Summer 2018
Summer Greetings! 
Looking for A Taste of African Heritage classes near you? Check out our class directory to find out when we are coming to your city or town...or sign up to teach a class of your own!
A Taste of African Heritage Updates
Photo: ATOAH instructors Brenda Atchison (far left) and Stephanie Chen (far right) guiding participants preparing the Oldways After Chop Fruit Salad at a Boston Public Market Demonstration this May.

What We've Been Up To

Hope this issue finds everyone enjoying longer days and sunny rays! Since our last issue, we have some BIG news: the A Taste of African Heritage adult curriculum has now been approved for inclusion in the national SNAP-Ed Library! You can see our listing and learn more on the SNAP-Ed Connection site .

In the last three months, we've completed 18 ATOAH class series in New York City, Philadelphia, Baltimore, Houston, Boston, and Atlanta, as well as Gainesville, FL; Columbia, MO; Temple, TX; and Camden, NJ. A huge thanks to all the instructors who devoted their time to teaching in their communities! We'll also be entering into a new partnership with Alcorn State University to help continue to bring ATOAH to Mississippians.

Be sure to check out our newly released 2017 Annual report for some more highlights and milestones of the past year.

At Oldways headquarters, we recently tabled at Union Capital Boston's Resource Fair along with 40 other community organizations to spread the word about A Taste of African Heritage to Roxbury residents. We are looking forward to upcoming series with the Randolph Intergenerational Community Center, Daily Table, and the Cambridge Center for Adult Education.
Teacher Spotlight
Photo: ATOAH Instructor Denise Gourdine and her class at the Tremont United Methodist Church in Bronx, New York.
Denise Gourdine at Tremont United Methodist Church

Denise Gourdine is one of our new New York City A Taste of African Heritage instructors. She recently taught the series for the Tremont United Methodist Church (TUMC) as part of a partnership with Bronx Health REACH/Institute for Family Health . Bronx Health REACH was formed in 1999 to eliminate racial and ethnic disparities in health outcomes in diabetes and heart disease in African American and Latino communities in the southwest Bronx.

Denise writes:

" My church is participating in Bronx Health REACH’s Creating Healthy Schools & Communities (CHSC) program, a worksite wellness initiative that provides workshops on nutrition and organizes fitness classes for church staff and their congregations. In March and April 2018, my church organized its first session of A Taste of African Heritage with Oldways.

One thing all of us enjoyed were the homework assignments given each week. Most assignments involved preparing a meal using some of the ingredients that were used in that week’s cooking session. On several occasions we learned about a new herb/spice/bean or tuber that we had never eaten. It was particularly exciting trying to find some of the unfamiliar food items at our local supermarket, produce store, or farmers’ market.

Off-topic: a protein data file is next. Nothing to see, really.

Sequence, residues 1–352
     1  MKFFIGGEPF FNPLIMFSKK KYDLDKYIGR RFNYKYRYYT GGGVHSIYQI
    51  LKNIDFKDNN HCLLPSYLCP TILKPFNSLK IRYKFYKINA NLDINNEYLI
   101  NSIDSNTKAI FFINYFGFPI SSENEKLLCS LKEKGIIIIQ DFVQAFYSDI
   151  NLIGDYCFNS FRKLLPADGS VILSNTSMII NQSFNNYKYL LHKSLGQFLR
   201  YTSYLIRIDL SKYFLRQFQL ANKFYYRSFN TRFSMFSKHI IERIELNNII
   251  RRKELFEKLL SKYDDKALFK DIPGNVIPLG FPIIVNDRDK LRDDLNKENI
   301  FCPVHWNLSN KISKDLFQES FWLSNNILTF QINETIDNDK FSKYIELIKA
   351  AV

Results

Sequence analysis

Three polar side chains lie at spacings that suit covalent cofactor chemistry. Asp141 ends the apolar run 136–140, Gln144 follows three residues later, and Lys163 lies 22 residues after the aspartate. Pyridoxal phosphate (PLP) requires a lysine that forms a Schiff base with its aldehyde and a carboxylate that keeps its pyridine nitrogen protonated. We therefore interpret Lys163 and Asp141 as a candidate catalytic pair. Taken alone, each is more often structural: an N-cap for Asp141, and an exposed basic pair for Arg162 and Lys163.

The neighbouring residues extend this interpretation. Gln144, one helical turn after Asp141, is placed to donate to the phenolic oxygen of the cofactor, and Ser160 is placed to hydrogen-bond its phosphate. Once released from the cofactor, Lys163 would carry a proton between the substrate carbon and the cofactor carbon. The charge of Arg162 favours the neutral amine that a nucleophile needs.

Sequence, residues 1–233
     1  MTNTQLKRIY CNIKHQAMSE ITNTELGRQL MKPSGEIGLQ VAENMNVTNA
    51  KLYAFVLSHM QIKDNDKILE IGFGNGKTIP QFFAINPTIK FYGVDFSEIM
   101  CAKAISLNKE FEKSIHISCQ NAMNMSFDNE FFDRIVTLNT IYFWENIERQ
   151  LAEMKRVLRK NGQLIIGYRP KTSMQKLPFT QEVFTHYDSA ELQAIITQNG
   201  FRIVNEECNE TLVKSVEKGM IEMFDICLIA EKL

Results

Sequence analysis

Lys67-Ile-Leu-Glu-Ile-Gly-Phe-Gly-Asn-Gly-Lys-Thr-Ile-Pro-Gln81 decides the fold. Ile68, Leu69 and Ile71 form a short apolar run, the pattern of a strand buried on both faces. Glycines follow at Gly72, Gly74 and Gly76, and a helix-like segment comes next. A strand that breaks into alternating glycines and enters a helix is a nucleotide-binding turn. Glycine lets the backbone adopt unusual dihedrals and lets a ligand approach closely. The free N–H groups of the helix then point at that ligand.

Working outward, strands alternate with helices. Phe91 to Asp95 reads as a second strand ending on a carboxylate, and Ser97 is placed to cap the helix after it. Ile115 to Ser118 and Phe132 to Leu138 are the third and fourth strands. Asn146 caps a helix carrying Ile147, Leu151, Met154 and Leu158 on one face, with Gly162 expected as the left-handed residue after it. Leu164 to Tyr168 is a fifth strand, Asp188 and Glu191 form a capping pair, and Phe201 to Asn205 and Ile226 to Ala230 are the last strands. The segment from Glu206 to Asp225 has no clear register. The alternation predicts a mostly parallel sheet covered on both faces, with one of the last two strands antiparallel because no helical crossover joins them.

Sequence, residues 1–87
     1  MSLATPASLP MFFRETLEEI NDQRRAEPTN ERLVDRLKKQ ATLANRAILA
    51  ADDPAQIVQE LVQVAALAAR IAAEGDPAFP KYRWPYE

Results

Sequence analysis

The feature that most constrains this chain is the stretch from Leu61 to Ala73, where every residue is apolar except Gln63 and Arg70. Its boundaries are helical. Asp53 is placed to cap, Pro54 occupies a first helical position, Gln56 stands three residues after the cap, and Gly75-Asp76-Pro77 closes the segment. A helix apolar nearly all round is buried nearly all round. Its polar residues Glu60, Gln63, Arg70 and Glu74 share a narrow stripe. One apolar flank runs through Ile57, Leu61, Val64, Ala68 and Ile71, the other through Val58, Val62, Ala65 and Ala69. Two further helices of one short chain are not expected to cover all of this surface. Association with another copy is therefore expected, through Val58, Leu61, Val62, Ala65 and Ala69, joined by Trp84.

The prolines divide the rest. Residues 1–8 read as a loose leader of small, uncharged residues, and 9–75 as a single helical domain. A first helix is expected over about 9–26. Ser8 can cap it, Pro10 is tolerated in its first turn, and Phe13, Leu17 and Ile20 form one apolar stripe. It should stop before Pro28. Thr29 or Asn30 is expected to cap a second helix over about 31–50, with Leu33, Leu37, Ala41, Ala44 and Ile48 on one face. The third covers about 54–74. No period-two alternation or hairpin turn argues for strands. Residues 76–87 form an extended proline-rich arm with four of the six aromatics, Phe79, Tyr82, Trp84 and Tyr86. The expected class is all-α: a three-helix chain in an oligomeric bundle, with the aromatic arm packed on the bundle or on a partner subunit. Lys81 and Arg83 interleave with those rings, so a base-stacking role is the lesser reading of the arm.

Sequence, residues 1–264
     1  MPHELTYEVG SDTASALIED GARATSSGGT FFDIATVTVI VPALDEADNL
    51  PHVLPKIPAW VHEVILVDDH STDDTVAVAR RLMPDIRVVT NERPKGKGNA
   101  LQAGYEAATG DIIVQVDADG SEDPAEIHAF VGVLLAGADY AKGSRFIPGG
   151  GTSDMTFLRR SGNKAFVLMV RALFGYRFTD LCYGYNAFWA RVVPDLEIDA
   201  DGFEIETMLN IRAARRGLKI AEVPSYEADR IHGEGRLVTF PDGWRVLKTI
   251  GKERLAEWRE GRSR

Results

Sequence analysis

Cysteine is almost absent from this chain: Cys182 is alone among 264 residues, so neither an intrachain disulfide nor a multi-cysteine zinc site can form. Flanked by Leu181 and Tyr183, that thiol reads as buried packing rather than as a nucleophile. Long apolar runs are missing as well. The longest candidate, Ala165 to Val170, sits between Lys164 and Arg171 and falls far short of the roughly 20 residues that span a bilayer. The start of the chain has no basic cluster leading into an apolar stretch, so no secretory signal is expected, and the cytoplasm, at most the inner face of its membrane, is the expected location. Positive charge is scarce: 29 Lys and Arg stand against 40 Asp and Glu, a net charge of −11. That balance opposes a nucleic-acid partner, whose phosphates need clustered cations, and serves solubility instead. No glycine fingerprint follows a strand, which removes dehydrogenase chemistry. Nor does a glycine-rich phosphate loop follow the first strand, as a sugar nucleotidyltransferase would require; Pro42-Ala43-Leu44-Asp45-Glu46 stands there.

[At the end of the series,] everyone agreed to make a conscious effort to incorporate the things we learned during the six sessions to improve our overall eating habits, health, and well-being. Judging from the feedback, the program was a success, and there were many in the group who would like to extend it. At TUMC we are committed to sustaining this program and all other programs that will aid church members and others to achieve overall physical, mental, spiritual, and financial wellness. Looking ahead, we plan to utilize Oldways' Taste of African Heritage Diet Pyramid model with our Manna House program, a free monthly feeding and clothing ministry for the community and also the meals we will be preparing for children attending our afterschool program ."

Thank you, Denise!
African Heritage Dine-Around-Town 

Please be sure to check out our Dine-Around-Town Directory this newsletter, as we’ve added a whole host of new restaurants. We now offer you options for all of the 50 states, so no matter where you are in the U.S., you aren’t left out! One of our newest additions is Sam's Spot Catering , started by Boston resident and new ATOAH instructor Chef Samantha Anson. Sam's Spot Catering serves up tempting Southern, soul, and Jamaican cuisine. Have suggestions for restaurants in your community to include? Let us know!
Oldways African Heritage Recipes 
The most powerful call to action to improve the health of African American families and communities is to get cooking! To help families put the   African Heritage Diet Pyramid   on their plate, here are three delicious, healthy recipes that take their cues from African roots. 

Click on the titles below to go to the recipes.

Jagacida is a Cape Verdean beans and rice dish. Also referred to as jag, it is heavily seasoned with onion, paprika, and bay leaves. The kidney beans and paprika make the dish a beautiful red and gold mixture. Jagacida can be eaten as a side dish or with vegetables to create a vegetarian meal.

Pikliz is a pickled slaw common in Haitian cuisine. It is often eaten alongside heartier dishes or as an accompaniment to beans and rice. One of its distinguishing characteristics is the use of Scotch Bonnet peppers. Almost all pikliz recipes include cabbage, carrots, bell peppers, and onions and use white vinegar for pickling.

This recipe uses a number of traditional African Heritage ingredients, including many of its spices, as well as mangos, coconut milk, and fish, but the combination of ginger and snap peas gives it a slightly Asian flair.

The work of the African Heritage & Health Program would not be possible without the generous support of the Walmart Foundation. 

Johnisha Levi
Program Manager

Ruth Mendoza
Program Assistant